TOR Tor Weekly News — September 4th, 2015

Discussion in 'TOR | TAILS' started by survivalmonkey, Sep 4, 2015.

  1. survivalmonkey

    survivalmonkey Monkey+++

    Welcome to the thirty-fourth issue in 2015 of Tor Weekly News, the weekly newsletter that covers what’s happening in the Tor community.

    Tor Browser 5.0.2 and 5.5a2 are out

    The Tor Browser team announced new stable and alpha releases of the privacy-preserving web browser. Version 5.0.2 fixes a bug that was causing the browser’s launcher icons in the Ubuntu Unity and GNOME desktops to be duplicated, and includes a newer version of the NoScript add-on. Version 5.5a2 incorporates these updates along with another small crash bug fix from the stable series.

    Both new releases include important security updates to their respective Firefox versions, so please ensure you upgrade as soon as possible. If you are already running a recent Tor Browser, it has probably updated itself already; if not, head to the project page to download your copy now.

    Final reports from two Summer of Privacy students

    Two of the developers participating in Tor’s first-ever Summer of Privacy coding season, Jesse Victors and Donncha O’Cearbhaill, submitted their final progress reports after months of intensive development.

    Jesse’s DNS-like naming system for onion services is already in a testable state. “All of the infrastructure for OnioNS is in place”, and while a few protocols are still to be finished, “the client-side and HS-side software is pretty reliable and stable at this point”, with support for Debian, Ubuntu, Mint, and Fedora. Development will continue into the future, and “once the OnioNS software is fully ready, no modifications to Tor should be necessary to merge OnioNS into the Tor network”.

    Donncha’s project, the onion service load-balancing manager OnionBalance, has also seen one testing release, and the next steps in development are to package the software for Debian, clarify the documentation, and implement “smartcard / HSM support master service key storage and signing”. “I’ll continue developing OnionBalance so that if possible, it can facilitate some form of load balancing and redundancy with next-gen hidden services”.

    Congratulations to Jesse and Donncha on getting their innovative projects to this stage, and thanks to the mentors and coordinators who have made the Summer of Privacy a success. The southern-hemisphere development timetable is still ongoing, however, so stay tuned for updates from Israel and Cristóbal Leiva on their TSoP projects.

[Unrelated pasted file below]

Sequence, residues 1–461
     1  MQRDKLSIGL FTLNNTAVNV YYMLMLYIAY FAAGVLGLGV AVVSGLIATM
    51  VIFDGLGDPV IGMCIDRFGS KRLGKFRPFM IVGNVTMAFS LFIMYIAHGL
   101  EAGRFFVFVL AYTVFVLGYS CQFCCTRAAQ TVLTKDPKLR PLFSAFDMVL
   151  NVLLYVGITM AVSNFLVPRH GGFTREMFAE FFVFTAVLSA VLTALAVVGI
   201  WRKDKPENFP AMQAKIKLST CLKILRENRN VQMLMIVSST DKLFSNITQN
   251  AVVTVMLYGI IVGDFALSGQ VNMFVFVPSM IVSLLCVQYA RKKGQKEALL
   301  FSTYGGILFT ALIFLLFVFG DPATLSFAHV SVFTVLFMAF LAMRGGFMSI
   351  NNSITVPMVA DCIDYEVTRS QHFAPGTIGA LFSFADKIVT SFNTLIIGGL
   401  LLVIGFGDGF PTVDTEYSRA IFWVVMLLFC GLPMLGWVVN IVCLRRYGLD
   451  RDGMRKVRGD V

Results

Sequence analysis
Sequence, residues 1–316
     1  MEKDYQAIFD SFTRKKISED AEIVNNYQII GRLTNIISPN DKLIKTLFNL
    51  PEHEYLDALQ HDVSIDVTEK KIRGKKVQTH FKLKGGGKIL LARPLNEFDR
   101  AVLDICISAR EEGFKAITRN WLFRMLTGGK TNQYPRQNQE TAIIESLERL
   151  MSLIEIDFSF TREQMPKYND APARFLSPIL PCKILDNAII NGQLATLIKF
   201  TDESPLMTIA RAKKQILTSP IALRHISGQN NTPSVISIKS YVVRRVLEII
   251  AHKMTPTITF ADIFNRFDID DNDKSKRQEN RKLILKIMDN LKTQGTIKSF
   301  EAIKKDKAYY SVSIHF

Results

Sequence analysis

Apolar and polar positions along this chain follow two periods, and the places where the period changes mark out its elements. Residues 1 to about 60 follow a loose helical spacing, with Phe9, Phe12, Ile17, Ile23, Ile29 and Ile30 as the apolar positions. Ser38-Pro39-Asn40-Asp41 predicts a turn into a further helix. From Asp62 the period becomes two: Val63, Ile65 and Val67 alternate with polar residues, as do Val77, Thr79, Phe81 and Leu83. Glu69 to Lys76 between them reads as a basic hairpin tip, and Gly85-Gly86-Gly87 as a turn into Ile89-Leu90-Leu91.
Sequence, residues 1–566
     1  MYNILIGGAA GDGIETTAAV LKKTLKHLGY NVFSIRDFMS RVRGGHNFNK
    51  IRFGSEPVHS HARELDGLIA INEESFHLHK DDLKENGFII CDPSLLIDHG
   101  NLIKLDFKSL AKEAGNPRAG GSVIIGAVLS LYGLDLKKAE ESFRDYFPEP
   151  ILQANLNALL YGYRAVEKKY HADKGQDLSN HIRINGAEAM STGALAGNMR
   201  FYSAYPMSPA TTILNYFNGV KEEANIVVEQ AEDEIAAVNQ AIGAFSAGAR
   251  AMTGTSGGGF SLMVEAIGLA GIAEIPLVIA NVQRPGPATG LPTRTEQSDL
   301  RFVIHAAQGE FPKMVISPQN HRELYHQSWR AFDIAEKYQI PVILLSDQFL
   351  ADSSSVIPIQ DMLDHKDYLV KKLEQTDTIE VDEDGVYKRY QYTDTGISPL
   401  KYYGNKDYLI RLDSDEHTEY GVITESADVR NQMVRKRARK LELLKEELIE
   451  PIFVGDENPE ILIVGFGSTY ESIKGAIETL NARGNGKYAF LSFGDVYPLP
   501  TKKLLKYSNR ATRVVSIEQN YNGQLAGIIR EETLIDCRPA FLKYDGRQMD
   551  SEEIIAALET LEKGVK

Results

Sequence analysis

Should cloud-based Tor relays be rejected?

    Observing that “we sometimes see attacks from relays that are hosted on cloud platforms”, Philipp Winter investigated the actual benefit to the Tor network that these relays provide. He found that in an average consensus from July 2015, “cloud-hosted relays contributed only around 0.8% of bandwidth” (with the caveat that “this is just a lower bound”). Rejecting such relays from the consensus might force attackers to jump through more hoops, but would mean “obtaining the netblocks that are periodically published by all three (and perhaps more) cloud providers”.

    Tim Wilson-Brown (teor) wondered about the effect this might have on Tor developers and researchers who would like to use cloud-based relays, while nusenu requested that any rejection be publicly documented “so volunteers don’t waste their time and money setting up blacklisted relays”.

    Miscellaneous news

    Karsten Loesing announced version 2.6 of Onionoo, the Tor network data observatory. This release adds two new relay family-related fields to details documents that, together with the “effective_family” field introduced in version 2.4, replace the older “family” field, which is now deprecated. These new fields support different family-mapping use-cases that may be required by Tor network tools such as Atlas, Globe, and Roster. “The current ‘family’ field will stay available until Atlas and Globe are updated. If I should also wait for other clients to be updated, please let me know.”

    After several television appearances over the past few years, Tor made its literary debut last month in the fourth installment of the late Stieg Larsson’s Millennium series. A warm Tor community welcome to Lisbeth Salander — though a subscription to Tor Weekly News might clear up some of her misconceptions

    This issue of Tor Weekly News has been assembled by Harmony.
    Want to continue reading TWN? Please help us create this newsletter. We still need more volunteers to watch the Tor community and report important news. Please see the project page, write down your name and subscribe to the team mailing list if you want to get involved!

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